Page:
Support for LAist comes from
We Explain L.A.
Stay Connected

Share This

This is an archival story that predates current editorial management.

This archival content was written, edited, and published prior to LAist's acquisition by its current owner, Southern California Public Radio ("SCPR"). Content, such as language choice and subject matter, in archival articles therefore may not align with SCPR's current editorial standards. To learn more about those standards and why we make this distinction, please click here.

News

Yeah, We Knew That

girl in mirror.jpg
Before you read more...
Dear reader, we're asking you to help us keep local news available for all. Your financial support keeps our stories free to read, instead of hidden behind paywalls. We believe when reliable local reporting is widely available, the entire community benefits. Thank you for investing in your neighborhood.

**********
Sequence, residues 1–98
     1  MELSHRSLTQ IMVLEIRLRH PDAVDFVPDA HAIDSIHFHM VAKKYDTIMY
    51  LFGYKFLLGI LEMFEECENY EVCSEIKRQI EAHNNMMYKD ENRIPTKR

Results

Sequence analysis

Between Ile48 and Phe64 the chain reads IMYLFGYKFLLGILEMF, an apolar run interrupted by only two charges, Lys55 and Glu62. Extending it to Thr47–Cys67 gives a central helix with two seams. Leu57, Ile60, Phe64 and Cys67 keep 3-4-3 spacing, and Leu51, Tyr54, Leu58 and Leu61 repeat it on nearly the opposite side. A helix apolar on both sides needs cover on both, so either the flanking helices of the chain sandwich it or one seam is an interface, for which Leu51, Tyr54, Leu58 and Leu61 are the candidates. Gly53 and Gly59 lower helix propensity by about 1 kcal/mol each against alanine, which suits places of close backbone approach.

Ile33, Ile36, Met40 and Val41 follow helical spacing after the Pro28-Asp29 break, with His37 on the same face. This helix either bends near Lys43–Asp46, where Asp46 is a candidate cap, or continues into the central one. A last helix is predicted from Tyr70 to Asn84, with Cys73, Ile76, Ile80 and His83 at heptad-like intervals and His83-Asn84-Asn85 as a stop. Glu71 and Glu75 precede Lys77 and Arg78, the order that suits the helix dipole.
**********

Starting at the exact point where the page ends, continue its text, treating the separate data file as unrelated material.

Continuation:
Thirteen percent of UCLA undergrads join fraternities and sororities, and almost twenty-five percent of USC undergrads go Greek. According to a new study published in the journal Sex Roles, undergraduate women who join sororities are more likely to objectify themselves. In other words, they judge their own bodies from an outsider's perspective. They also display higher levels of disordered eating attitudes and behaviors, and show higher levels of body-related shame than those who don't participate in sorority recruitment. Don't be so quick to judge the Greeks, though: sorority membership may simply amplify pre-existing problems.